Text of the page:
I’ve been bowfishing before, but always in the spring and summer. Living in the frozen north (Minnesota), I never even thought about bowfishing in the wintertime, until I heard about a particular frozen lake that had “ice out” (some open water) and a whole slew of visible carp swimming around at the surface. After living with winter temps being in the below zero and to twenties above, (and occasionally reaching freezing), when the temperature had suddenly gone up over 40 degrees (ABOVE zero) I figured this was a great chance to get some shooting in.
If you live where lakes freeze over in winter, look for areas near shore that have streams feeding into them. These locations often offer the best chance of open water when temps begin to rise, where carp and other rough or “garbage” fish may be spotted. You’ll see them in shallow water and many times hanging close to the edge of, or just under the ice cover. If you’re lucky and are there at the right time, you could see thousands of carp on the surface.
Do your local DNR or Fish & Game a favor and shoot the non-native invasive species!
Some members of our local bowfishing association (Land of Lakes Bowfishing Ass.) were also at this particular lake on this particular day, to clean up dead fish that others have shot, speared, gaffed and just left to rot on the edge of the ice and in the water.
They had sleds and containers on wheels and would haul off loads of carp to a waiting truck and trailer. This would then find its way to a nearby farm where the farmer would take them to use as fertilizer. I can’t imagine the smell all these dead carp would make if just left there at the lake when the real heat of spring and summer hit. Actually I could, but don’t want to, as I’ve smelled that smell before. Eww!
I had hoped that other people would see that our cleaning up was the ethical thing to do.
Of course the LLBA members spent some time shooting also, and enjoying every minute of it.
I had just bought a pair of Neoprene chest waders and put them on over my pants and long-jans. I also had a nice snug pair of Neoprene fishing gloves to wear. I wished that I had slipped some chemical heat toe warmers in my boots before I put them on, but I didn’t. Next time I definitely will. I will also keep some hand warmers in my pockets. They didn’t do me any good back in my van. I did however, have my polarized sunglasses with me, as those should always be on your face when bowfishing, even in the winter. Water is water with refraction presented, no matter what the season is.
I pulled my plastic sled (which was actually my deer drag sled) down onto the ice with my bow. I would throw my carp in it so I could easily haul them away.
I began by standing on the edge of the open water, but when I realized the depth of the water was only knee deep, I just stepped in. After all, I was wearing waders. I walked around breaking some floating ice sheets that were in the way. Then I stopped and stood still. I would eventually see carp swimming and then I’d shoot. My first shot was a double kill – a sucker through the head and then a carp through the body. I called this one a shishkabob.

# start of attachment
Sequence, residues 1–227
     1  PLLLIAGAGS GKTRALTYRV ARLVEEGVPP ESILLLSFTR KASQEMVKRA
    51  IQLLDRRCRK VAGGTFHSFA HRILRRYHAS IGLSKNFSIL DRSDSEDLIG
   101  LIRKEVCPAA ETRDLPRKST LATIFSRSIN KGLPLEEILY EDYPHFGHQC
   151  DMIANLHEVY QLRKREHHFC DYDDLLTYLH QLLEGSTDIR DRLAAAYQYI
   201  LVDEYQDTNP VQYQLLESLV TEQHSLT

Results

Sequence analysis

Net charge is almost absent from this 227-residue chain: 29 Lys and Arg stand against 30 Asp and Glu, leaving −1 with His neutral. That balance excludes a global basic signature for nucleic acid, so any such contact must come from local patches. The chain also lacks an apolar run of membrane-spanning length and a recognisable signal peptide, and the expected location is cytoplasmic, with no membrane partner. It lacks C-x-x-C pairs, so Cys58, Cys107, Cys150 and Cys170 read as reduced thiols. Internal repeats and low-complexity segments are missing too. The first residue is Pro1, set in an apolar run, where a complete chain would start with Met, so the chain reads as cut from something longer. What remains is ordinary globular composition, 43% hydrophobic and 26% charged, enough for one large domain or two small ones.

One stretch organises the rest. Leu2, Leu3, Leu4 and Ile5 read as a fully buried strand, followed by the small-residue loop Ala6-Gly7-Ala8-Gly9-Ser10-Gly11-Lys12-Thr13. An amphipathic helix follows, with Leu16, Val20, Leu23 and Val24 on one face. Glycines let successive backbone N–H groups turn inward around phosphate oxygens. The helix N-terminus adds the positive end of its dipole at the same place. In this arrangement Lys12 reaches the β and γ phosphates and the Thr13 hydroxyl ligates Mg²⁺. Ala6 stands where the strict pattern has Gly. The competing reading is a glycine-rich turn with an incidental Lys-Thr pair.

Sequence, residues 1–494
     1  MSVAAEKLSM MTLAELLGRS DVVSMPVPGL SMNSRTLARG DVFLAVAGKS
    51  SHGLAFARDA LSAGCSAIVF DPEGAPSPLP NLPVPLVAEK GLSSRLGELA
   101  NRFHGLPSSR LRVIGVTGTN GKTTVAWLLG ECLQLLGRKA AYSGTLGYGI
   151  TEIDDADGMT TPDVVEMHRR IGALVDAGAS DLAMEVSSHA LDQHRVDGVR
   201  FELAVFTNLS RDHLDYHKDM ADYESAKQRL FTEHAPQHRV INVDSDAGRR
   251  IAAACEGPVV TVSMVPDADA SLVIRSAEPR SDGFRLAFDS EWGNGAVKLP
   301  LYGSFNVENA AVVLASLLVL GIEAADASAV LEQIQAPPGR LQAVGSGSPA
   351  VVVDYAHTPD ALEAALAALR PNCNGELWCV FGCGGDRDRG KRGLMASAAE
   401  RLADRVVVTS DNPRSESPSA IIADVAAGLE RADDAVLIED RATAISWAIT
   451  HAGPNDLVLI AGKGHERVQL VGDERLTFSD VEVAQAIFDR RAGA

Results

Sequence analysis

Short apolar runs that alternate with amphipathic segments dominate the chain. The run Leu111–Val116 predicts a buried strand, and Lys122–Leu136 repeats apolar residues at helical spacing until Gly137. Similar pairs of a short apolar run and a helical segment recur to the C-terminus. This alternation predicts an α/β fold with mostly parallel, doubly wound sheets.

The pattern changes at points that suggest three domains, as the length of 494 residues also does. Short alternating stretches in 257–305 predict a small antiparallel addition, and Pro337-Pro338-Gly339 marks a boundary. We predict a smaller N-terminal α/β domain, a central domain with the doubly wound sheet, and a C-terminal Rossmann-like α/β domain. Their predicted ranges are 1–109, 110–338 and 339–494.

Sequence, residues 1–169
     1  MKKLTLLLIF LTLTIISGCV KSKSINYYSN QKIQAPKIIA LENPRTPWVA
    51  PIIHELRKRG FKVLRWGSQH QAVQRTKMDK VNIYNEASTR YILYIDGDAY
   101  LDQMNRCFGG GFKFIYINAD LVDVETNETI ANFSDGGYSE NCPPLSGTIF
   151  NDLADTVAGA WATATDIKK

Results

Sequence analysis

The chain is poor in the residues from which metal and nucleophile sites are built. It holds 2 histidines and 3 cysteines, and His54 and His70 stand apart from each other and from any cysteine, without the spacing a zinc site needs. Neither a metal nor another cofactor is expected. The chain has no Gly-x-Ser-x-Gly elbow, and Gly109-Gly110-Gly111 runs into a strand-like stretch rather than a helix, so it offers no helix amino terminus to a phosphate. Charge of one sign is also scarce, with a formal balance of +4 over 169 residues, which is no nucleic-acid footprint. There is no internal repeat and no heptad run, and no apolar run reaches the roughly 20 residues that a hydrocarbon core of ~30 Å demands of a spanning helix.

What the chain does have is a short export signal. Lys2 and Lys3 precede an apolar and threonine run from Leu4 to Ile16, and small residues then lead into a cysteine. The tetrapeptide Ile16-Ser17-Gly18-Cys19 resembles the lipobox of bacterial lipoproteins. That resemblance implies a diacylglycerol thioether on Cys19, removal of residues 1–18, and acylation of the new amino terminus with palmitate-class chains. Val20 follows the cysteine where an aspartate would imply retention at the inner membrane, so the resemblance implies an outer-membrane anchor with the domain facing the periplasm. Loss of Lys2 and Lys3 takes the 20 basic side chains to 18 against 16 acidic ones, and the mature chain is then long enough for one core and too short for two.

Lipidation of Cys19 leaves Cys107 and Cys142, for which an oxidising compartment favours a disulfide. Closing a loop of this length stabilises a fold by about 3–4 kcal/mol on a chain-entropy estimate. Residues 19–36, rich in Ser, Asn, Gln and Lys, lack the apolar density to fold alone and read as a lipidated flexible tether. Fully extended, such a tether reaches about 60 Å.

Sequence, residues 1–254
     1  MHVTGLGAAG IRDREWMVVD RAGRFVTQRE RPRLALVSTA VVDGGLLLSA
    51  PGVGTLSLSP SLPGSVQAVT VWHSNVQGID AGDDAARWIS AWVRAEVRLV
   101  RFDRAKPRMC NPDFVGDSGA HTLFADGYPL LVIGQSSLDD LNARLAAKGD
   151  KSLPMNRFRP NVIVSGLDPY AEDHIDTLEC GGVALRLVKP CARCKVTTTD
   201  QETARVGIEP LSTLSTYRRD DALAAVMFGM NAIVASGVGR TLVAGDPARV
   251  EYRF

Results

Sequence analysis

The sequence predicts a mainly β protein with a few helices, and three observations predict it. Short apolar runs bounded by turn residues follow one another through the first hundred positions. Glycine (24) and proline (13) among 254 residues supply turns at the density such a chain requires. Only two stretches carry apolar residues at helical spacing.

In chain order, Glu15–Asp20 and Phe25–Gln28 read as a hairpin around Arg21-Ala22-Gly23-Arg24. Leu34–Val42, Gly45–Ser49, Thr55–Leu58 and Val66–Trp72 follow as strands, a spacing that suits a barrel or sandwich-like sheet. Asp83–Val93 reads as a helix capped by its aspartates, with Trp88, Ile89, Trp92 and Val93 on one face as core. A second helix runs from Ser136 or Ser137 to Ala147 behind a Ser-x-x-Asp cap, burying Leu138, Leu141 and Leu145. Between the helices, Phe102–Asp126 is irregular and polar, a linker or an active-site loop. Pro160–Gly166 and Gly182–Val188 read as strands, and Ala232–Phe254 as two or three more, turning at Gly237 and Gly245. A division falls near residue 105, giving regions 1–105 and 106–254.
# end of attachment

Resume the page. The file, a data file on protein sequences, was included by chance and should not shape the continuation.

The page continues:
I walked slowly through the water for the next three hours, shooting and pulling out my arrow in repetitive form. This was a repetition I enjoyed!
As the sun was beginning to get very low in the sky, I felt it was time to pack up and head for home. My fingers were pretty cold anyways and could use some heat. I shot about three sleds full of carp, two being taken away in the trailer for fertilizer and the last load back to the cities for my sister. She has many friends that love eating carp and would gladly take whatever I shot.
I put the carp in two very large garbage bags in the back of my van. I discovered I could only put my van’s heat setting directionally pointing towards my feet only, as anything more would blow the smell of fish to the front and out of my dashboard vent at me. It’s not a smell I wanted to smell the rest of the way home!
My drive home was two hours and I could occasionally hear a fish flopping around in back. When I did finally get back home, I had to put one of the carp back into the bag as he had flopped out. I couldn’t believe he could still be alive after more than two hours out of water!
My sister was glad to receive the fish and started right in on cleaning them for her friends.
One should always have a plan on how to dispose of their fish after they shoot them. If you’re not going to keep them, do you know of a farmer or gardener who might like them for their fields or gardens? Or anyone else that really likes to eat carp? Just don’t be unethical and leave your dead fish lying around to rot. We need to be good stewards and good examples for others.
So if you want to do some “hunting” before spring turkey season arrives, why not try some winter bowfishing? It’s awesome fun!
The bow I use for bowfishing is the first bow I ever owned – a Browning Micro Midas that I had long since maxed out on poundage. It’s perfect to set up on smaller and lighter weight game such as carp. Any old bow will do when fishing. Recurves work great too.
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